So yesterday it was back to balance workouts, and then deep tissue ASTYM, which I think actually gets more work done in half the time anyway because it pinpoints and concentrates on problem areas instead of continuing to use general overcompensation while strength training. I work with weights, balls, stretchy bands, and sometimes foam pads that force me to fine tune balance even more.
I was told by the very first doctor I saw in my mid-20's that I would be living in a nursing home by the time I was 40. Back then, before 'fibrositis' was a thing (now fibromyalgia), it wasn't that uncommon for people to wind up in severe contractures as they grew older, to the point of great suffering and losing ability to care for themselves. One of the focuses we learned in nursing school was how to care plan around patients with contractures. I saw very clearly where I was headed if I didn't get a handle on living with severe fibromyalgia complicated with autoimmune flare ups. Having diabetes with it makes it monumentally worse because ketones further slow down vital nutrient flow through the muscles. I watched my mother disintegrate into 'frozen shoulders' and severe physical and cognitive deficits before she finally died in a nursing home. If everything I'm going through is genetically inclined, I know exactly how it's all going to end.
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But not if I can help it! There is so much new knowledge nowadays. In 2008 I made the decision to taper off medications that didn't improve my quality of life in either function or pain control, and now I'm nearly free of meds. I put together a care team of my own that included my regular doctor (who refers me as needed to pulmonologist, rheumatologist, cardioloist, ENT, allergist, etc), psychologist, and chiropractor. I coordinated all this with my endocrinologist and gynocologist. It helps being in a system like Mercy that is software integrating all my medical info, but I started this self integration before they had that technology in place. It takes some effort and focus, but taking that first step to become my own health care advocate was the beginning of me changing my life. I know a lot of people who still have unsynchronized medical charts between widely disparate clinics and doctor groups, and I can see how this hampers the help they hope to get, especially if they're not very good yet at communicating to every doctor they see. My psychologist helped me learn to communicate my needs and goals to my doctors, and that made a lot of difference.
Disability is an unfortunate part of my life, and I resisted for years. I hid my problems as best I could until I quite literally could no longer function and started making big mistakes at work. It felt like my body and mind were closing down and I was trapped inside, and everything got really hard. It was hard to move around, hard to interact in social settings, hard to think. I even discussed becoming a nondriver with my doctor. My driving got pretty scary.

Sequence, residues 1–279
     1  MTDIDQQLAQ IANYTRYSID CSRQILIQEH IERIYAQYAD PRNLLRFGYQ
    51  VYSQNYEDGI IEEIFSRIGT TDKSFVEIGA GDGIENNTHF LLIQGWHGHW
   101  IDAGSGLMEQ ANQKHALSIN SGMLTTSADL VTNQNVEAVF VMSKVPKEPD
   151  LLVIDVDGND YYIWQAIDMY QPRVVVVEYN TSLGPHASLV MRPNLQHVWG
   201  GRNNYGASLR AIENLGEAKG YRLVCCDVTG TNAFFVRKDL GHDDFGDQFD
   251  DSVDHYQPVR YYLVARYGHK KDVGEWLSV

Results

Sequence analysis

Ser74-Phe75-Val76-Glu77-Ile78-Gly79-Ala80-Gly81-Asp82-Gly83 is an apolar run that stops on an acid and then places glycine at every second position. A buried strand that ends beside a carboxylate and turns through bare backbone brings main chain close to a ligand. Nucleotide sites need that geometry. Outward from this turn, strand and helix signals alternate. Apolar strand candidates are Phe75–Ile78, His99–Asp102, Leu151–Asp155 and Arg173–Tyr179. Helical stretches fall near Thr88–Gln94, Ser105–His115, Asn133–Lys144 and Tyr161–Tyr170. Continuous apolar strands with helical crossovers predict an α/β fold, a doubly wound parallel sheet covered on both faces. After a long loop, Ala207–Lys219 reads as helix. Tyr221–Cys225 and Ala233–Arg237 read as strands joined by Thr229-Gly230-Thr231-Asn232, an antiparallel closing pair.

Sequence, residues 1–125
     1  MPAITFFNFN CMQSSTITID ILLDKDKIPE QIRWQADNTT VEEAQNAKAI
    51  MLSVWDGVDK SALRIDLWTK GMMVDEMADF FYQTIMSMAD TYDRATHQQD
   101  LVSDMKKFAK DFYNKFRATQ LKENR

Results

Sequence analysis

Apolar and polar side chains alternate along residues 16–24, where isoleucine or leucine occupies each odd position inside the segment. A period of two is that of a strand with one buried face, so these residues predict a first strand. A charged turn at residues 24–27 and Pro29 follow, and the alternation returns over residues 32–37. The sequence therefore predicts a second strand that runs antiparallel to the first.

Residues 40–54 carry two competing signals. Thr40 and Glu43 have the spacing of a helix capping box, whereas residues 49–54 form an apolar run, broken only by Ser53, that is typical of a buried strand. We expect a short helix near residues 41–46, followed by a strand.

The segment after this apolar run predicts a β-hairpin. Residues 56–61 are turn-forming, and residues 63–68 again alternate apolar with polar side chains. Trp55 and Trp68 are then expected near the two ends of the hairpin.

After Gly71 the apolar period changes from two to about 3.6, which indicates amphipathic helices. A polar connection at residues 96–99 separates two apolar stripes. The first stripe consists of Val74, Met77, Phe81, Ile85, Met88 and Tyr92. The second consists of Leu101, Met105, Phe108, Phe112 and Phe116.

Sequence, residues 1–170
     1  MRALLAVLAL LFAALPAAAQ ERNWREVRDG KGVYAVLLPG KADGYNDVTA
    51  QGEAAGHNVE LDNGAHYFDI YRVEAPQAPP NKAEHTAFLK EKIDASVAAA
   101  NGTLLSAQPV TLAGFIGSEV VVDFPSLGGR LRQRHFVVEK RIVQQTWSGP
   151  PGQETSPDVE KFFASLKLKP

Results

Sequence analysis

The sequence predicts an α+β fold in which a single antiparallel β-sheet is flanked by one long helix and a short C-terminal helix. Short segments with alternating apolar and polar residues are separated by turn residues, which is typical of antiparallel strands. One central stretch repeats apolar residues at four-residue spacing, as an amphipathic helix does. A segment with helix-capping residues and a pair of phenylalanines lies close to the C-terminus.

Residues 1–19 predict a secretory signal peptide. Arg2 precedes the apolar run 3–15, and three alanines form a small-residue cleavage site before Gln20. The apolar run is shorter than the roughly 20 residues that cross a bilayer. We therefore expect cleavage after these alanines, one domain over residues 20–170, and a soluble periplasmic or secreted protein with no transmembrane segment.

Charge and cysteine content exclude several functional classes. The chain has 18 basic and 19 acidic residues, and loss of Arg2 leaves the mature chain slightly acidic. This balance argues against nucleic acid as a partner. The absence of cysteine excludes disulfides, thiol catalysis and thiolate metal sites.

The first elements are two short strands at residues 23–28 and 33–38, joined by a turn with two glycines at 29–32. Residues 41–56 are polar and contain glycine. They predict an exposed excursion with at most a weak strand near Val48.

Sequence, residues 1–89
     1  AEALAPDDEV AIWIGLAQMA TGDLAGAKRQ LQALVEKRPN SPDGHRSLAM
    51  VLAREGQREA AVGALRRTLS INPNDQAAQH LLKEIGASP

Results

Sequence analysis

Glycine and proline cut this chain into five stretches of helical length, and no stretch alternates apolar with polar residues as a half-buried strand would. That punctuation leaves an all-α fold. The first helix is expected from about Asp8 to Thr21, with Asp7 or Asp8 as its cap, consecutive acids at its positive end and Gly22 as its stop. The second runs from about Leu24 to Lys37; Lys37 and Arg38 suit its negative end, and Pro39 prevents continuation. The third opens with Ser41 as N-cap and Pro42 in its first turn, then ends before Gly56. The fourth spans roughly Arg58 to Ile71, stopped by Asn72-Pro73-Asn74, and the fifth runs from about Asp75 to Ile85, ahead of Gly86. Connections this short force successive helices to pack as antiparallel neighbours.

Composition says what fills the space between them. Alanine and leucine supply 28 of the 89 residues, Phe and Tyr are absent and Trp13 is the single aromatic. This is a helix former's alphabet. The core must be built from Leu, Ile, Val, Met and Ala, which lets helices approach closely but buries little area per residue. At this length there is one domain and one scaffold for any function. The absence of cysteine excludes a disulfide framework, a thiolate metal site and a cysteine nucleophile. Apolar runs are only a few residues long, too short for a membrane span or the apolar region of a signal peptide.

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Fortunately, I discovered that Medicare has strong physical therapy support and encourages people to use their yearly programs that are designed to channel the patient's needs through one-on-one assessment and training. I couldn't see how this could help at first, but a new wave has been sweeping the country- ASTYM is all the rage now. I am one of the first in my area to go through comprehensive ASTYM therapy along with core strength training with several different therapists because I'm stubborn and want to get healthy. Because I accept that 1- I must work for this, 2- pain is ok and not to be avoided (many people stop because the pain doesn't stop right away), and 3- it really is up to ME being persistent to properly heal, I have regained not only a world of mobility I had lost for years, but also the strength and endurance to keep moving. I am able to do things again that I held no hope for in my future, and much of it with drastically reduced pain levels.
I still have rough days, weeks, even months, but I know now that I don't have to backslide to darkness and despair. It's up to me to be a vital person. It's my choice to work hard so that I can continue to be useful in this life. It took quite a lot of grit with no promise to cling to when I first started out. It's been 6 years since I began my first physical therapy. I've been able to avoid several spinal surgeries, many cortisone shots, and have probably reduced my fall risk by at least 80%. I'm not pain free and probably never will be, and every time I take a break from physical therapy the old stuff tries to creep back up on me. This isn't a cure. But it has become a lifestyle, and I'm grateful that I stuck through it this long because I'm reaching a place where life feels better, I feel happier, and I actually have hope for my future now.
I'm writing all this down because I remember how I used to search through the night for other people like me- how does one survive? How does one get through this hard stuff? How does one hang on when everything utterly sucks and life looks so sad? Especially in the wee hours of the night when there is no one to talk to.
I am drawing a road map. I'm finding my way through this jungle, and one day I'm going to make it easy for all of us to follow the map. In the meantime, this is me checking in on another prednisone taper and another round of physical therapy.